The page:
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US Retail Sales Slowed Slightly in August

  • Jim Randle

FILE – GM unveils its Buick Avista concept car at the North American International Auto Show in Detroit, Michigan, Jan. 12, 2016. U.S. car sales declined in August, the Commerce Department reports.

FILE – GM unveils its Buick Avista concept car at the North American International Auto Show in Detroit, Michigan, Jan. 12, 2016. U.S. car sales declined in August, the Commerce Department reports.

The consumer demand that drives most U.S. economic activity slowed a bit in August, which may reduce the chance that the central bank will increase interest rates next week.

Retail sales fell three-tenths of a percent last month, according to data published Thursday by the Commerce Department. Analysts said sales of autos, building material and furniture declined. Sales had increased very slightly in July.

Consumer spending is one of many issues that U.S. Federal Reserve officials, scheduled to meet next Tuesday and Wednesday, will consider as they decide whether to raise the key interest rate. It had been cut nearly to zero during the recession, officially from late 2007 to June 2009, in a bid to boost economic growth. The Fed raised rates slightly from that record low last December. Many economists predict Fed officials will not raise rates again until late this year.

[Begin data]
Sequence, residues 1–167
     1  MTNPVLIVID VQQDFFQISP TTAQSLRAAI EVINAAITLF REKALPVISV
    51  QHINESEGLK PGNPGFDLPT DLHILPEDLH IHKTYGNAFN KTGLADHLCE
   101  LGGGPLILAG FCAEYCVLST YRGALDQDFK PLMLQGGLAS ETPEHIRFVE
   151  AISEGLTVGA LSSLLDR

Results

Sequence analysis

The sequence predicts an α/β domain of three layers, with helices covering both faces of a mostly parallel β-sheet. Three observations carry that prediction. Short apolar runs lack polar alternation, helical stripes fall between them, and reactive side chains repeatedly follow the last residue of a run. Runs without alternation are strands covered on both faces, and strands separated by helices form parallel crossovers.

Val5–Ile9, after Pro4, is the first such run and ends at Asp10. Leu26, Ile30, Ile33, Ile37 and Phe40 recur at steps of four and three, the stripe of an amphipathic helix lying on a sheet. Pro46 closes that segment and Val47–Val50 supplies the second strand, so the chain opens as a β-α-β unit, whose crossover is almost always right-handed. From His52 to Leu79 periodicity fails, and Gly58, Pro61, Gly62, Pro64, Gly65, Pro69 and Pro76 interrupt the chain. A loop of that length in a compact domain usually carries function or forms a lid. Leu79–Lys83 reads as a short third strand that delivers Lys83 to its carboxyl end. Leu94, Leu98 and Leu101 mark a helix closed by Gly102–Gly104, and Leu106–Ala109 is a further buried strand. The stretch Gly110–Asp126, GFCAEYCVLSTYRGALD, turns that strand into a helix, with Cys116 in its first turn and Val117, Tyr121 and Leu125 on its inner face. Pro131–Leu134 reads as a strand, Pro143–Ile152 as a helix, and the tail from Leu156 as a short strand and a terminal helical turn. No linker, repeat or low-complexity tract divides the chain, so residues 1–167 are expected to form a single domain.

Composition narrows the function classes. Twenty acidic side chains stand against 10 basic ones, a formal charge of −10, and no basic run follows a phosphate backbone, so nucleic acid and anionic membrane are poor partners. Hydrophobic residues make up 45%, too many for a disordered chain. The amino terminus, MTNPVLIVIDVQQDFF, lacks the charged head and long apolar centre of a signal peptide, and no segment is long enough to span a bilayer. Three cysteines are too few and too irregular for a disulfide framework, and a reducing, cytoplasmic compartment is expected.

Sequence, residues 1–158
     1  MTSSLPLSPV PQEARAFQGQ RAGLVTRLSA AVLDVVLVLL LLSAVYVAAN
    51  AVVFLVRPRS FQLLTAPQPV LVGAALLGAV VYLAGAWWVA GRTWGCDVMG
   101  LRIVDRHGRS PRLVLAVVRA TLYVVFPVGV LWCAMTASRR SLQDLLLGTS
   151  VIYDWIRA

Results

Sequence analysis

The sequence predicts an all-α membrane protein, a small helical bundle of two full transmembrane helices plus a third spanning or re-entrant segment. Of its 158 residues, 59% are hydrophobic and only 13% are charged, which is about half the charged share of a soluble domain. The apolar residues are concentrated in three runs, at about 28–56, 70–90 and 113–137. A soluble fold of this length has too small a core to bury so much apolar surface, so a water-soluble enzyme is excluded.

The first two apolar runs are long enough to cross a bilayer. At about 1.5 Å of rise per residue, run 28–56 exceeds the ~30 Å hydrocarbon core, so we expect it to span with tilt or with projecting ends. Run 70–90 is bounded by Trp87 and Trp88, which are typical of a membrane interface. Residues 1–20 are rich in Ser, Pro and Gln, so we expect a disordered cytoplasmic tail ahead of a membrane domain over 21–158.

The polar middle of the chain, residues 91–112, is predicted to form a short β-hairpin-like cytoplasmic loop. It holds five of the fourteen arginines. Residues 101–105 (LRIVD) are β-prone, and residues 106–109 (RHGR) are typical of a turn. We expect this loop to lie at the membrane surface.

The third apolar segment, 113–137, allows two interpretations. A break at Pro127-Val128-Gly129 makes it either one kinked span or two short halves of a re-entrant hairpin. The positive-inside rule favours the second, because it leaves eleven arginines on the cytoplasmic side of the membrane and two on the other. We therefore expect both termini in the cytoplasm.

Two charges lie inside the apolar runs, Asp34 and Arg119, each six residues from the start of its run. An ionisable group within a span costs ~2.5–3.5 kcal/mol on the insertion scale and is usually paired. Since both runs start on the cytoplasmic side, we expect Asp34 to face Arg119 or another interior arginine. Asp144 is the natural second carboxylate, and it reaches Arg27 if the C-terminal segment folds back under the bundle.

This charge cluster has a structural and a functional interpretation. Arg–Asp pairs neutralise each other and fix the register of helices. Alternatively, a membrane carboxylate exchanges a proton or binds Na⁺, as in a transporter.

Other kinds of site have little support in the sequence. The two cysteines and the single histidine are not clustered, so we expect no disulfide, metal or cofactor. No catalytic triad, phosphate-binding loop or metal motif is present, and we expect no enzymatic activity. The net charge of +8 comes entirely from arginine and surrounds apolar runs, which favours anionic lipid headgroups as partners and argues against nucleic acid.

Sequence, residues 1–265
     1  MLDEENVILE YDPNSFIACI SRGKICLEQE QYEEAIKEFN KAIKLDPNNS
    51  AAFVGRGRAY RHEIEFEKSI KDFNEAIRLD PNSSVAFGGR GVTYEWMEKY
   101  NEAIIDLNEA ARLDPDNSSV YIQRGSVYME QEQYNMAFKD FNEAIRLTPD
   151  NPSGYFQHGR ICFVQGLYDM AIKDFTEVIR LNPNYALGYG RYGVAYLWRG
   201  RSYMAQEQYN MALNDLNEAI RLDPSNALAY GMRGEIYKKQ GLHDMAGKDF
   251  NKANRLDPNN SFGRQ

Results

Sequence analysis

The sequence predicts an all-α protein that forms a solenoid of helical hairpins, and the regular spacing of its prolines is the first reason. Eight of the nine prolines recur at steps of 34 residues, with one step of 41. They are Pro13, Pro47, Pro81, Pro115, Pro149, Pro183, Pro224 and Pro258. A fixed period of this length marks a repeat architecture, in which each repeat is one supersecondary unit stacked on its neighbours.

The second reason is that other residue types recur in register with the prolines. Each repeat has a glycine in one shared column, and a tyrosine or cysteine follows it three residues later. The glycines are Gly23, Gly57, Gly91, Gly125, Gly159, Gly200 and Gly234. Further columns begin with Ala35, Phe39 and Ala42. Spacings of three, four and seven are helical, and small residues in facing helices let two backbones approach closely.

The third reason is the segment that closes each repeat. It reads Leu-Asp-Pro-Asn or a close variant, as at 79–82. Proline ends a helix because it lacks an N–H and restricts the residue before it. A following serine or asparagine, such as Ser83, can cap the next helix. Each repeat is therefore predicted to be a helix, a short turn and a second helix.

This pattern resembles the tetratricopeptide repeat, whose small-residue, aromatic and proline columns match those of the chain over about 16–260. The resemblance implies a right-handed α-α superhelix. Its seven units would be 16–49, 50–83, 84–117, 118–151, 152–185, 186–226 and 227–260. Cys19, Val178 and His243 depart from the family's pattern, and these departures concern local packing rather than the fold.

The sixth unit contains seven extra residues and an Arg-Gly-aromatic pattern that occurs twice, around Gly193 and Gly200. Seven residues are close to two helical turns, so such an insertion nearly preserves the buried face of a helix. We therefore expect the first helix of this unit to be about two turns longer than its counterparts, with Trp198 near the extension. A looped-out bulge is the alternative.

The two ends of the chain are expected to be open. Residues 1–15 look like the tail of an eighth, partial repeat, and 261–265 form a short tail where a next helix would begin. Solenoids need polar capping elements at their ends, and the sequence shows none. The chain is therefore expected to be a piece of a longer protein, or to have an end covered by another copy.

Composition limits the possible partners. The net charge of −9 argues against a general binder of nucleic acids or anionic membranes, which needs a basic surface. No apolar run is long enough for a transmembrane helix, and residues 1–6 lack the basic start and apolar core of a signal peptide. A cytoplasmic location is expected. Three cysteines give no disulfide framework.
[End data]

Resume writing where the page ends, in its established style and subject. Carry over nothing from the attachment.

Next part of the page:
The Fed uses interest rates the way a driver uses a car’s gas pedal and brakes. Low interest rates rev up the economy. Raising rates is like hitting the brakes. A spurt of inflation would prompt higher rates, but Thursday's report on price changes at the wholesale level showed that price increases and declines essentially canceled each other out.

Meanwhile, the number of newly laid off Americans signing up for unemployment compensation rose by 1,000 last week to a nationwide total of 260,000. While that is a slight increase, most economists say any reading below 300,000 shows a healthy job market.

A separate report on the flow of goods, services and investments between the United States and trading partners showed the U.S. current account deficit declined in April, May and June. A trade deficit eventually could hurt the value of the dollar and spark inflation, but there is no apparent evidence of that at the moment.

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